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Due to the comprehensive nature of the material, we are offering the book in three volumes for flexibility and efficiency.

Coverage and scope

Our University Physics textbook adheres to the scope and sequence of most two- and three-semester physics courses nationwide. We have worked to make physics interesting and accessible to students while maintaining the mathematical rigor inherent in the subject. With this objective in mind, the content of this textbook has been developed and arranged to provide a logical progression from fundamental to more advanced concepts, building upon what students have already learned and emphasizing connections between topics and between theory and applications. The goal of each section is to enable students not just to recognize concepts, but to work with them in ways that will be useful in later courses and future careers. The organization and pedagogical features were developed and vetted with feedback from science educators dedicated to the project.

VOLUME I

Unit 1: Mechanics

  • Chapter 1: Units and Measurement
  • Chapter 2: Vectors
  • Chapter 3: Motion Along a Straight Line
  • Chapter 4: Motion in Two and Three Dimensions
  • Chapter 5: Newton’s Laws of Motion
  • Chapter 6: Applications of Newton’s Laws
  • Chapter 7: Work and Kinetic Energy
  • Chapter 8: Potential Energy and Conservation of Energy
  • Chapter 9: Linear Momentum and Collisions
  • Chapter 10: Fixed-Axis Rotation
  • Chapter 11: Angular Momentum
  • Chapter 12: Static Equilibrium and Elasticity
  • Chapter 13: Gravitation
  • Chapter 14: Fluid Mechanics

Unit 2: Waves and Acoustics

  • Chapter 15: Oscillations
  • Chapter 16: Waves
  • Chapter 17: Sound

VOLUME II

Unit 1: Thermodynamics

  • Chapter 1: Temperature and Heat
  • Chapter 2: The Kinetic Theory of Gases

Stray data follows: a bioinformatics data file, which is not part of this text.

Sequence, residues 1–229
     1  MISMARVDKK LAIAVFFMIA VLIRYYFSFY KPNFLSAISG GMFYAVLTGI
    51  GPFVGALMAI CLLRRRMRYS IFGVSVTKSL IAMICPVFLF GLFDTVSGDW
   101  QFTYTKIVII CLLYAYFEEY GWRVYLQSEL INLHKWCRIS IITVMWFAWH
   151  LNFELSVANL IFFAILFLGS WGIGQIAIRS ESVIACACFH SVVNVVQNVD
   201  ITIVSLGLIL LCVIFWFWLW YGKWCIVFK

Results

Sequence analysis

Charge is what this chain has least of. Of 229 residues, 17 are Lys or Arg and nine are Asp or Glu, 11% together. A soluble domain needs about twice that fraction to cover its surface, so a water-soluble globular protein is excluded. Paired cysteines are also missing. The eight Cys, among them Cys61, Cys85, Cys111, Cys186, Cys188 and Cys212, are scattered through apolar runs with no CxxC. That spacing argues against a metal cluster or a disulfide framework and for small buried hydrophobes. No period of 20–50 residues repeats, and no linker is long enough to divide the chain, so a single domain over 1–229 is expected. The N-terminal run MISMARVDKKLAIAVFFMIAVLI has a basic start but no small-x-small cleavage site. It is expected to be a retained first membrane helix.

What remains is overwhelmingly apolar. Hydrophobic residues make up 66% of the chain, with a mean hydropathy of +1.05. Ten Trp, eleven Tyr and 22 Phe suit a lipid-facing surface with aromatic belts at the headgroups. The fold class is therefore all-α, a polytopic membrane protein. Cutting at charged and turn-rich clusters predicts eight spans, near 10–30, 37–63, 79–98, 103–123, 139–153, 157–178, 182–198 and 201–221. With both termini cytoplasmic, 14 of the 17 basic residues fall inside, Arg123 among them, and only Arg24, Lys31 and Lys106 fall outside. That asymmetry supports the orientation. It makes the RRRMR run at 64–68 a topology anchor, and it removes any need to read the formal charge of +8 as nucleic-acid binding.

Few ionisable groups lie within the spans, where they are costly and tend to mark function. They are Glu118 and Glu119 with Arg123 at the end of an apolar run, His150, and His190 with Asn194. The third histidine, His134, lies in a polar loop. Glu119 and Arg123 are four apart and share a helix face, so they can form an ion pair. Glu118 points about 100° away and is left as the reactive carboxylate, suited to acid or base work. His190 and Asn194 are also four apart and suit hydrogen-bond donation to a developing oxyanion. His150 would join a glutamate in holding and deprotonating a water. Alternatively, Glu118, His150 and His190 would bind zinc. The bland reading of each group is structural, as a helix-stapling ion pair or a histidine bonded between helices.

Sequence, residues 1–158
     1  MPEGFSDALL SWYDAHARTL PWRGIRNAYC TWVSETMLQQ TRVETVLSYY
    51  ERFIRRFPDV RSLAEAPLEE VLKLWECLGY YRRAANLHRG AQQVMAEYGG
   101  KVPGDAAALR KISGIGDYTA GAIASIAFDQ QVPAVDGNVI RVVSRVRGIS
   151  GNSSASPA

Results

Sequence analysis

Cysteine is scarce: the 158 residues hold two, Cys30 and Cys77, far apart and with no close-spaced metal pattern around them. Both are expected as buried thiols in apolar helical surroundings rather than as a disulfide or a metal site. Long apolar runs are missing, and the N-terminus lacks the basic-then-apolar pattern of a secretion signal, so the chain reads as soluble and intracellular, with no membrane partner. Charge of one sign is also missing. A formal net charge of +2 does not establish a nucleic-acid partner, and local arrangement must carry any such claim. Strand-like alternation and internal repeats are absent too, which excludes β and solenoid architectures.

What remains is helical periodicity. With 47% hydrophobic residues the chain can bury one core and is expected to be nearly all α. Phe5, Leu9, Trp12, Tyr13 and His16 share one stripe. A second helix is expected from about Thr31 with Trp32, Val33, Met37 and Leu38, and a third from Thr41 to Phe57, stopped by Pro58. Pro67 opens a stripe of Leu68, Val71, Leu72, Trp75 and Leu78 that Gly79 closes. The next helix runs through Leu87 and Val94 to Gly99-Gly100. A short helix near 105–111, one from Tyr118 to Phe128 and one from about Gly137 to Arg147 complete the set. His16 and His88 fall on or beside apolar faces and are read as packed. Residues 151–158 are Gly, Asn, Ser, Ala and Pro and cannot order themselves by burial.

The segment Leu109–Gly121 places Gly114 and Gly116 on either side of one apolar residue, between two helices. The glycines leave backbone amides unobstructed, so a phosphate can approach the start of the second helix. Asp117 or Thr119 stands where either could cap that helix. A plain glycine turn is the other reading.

• Chapter 3: The First Law of Thermodynamics
  • Chapter 4: The Second Law of Thermodynamics

Unit 2: Electricity and Magnetism

  • Chapter 5: Electric Charges and Fields
  • Chapter 6: Gauss’s Law
  • Chapter 7: Electric Potential
  • Chapter 8: Capacitance
  • Chapter 9: Current and Resistance
  • Chapter 10: Direct-Current Circuits
  • Chapter 11: Magnetic Forces and Fields
  • Chapter 12: Sources of Magnetic Fields
  • Chapter 13: Electromagnetic Induction
  • Chapter 14: Inductance
  • Chapter 15: Alternating-Current Circuits
  • Chapter 16: Electromagnetic Waves

VOLUME III

Unit 1: Optics

  • Chapter 1: The Nature of Light
  • Chapter 2: Geometric Optics and Image Formation
  • Chapter 3: Interference
  • Chapter 4: Diffraction

Unit 2: Modern Physics

  • Chapter 5: Relativity
  • Chapter 6: Photons and Matter Waves
  • Chapter 7: Quantum Mechanics
  • Chapter 8: Atomic Structure
  • Chapter 9: Condensed Matter Physics
  • Chapter 10: Nuclear Physics
  • Chapter 11: Particle Physics and Cosmology

Pedagogical foundation

Throughout University Physics you will find derivations of concepts that present classical ideas and techniques, as well as modern applications and methods. Most chapters start with observations or experiments that place the material in a context of physical experience. Presentations and explanations rely on years of classroom experience on the part of long-time physics professors, striving for a balance of clarity and rigor that has proven successful with their students. Throughout the text, links enable students to review earlier material and then return to the present discussion, reinforcing connections between topics. Key historical figures and experiments are discussed in the main text (rather than in boxes or sidebars), maintaining a focus on the development of physical intuition. Key ideas, definitions, and equations are highlighted in the text and listed in summary form at the end of each chapter. Examples and chapter-opening images often include contemporary applications from daily life or modern science and engineering that students can relate to, from smart phones to the internet to GPS devices.